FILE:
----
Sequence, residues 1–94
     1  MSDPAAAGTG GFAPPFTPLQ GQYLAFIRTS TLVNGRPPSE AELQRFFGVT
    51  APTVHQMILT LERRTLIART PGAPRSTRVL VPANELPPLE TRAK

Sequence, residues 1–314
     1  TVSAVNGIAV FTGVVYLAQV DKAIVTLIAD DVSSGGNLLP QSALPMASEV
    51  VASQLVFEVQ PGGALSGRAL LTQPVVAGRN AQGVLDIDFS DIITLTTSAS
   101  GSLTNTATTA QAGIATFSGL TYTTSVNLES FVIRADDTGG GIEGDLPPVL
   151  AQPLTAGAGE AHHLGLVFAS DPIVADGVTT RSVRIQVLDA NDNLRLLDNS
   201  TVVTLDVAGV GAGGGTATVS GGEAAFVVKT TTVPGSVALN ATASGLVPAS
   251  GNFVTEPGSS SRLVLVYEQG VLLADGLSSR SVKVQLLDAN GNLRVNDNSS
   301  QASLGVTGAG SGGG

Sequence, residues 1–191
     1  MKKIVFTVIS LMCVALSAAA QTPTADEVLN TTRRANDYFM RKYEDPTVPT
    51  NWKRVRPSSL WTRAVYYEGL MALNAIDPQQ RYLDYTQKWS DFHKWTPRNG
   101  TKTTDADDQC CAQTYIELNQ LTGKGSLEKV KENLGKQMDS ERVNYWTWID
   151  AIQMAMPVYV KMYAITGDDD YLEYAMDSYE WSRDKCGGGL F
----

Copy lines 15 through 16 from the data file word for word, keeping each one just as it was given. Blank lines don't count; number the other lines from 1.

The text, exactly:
   101  TKTTDADDQC CAQTYIELNQ LTGKGSLEKV KENLGKQMDS ERVNYWTWID
   151  AIQMAMPVYV KMYAITGDDD YLEYAMDSYE WSRDKCGGGL F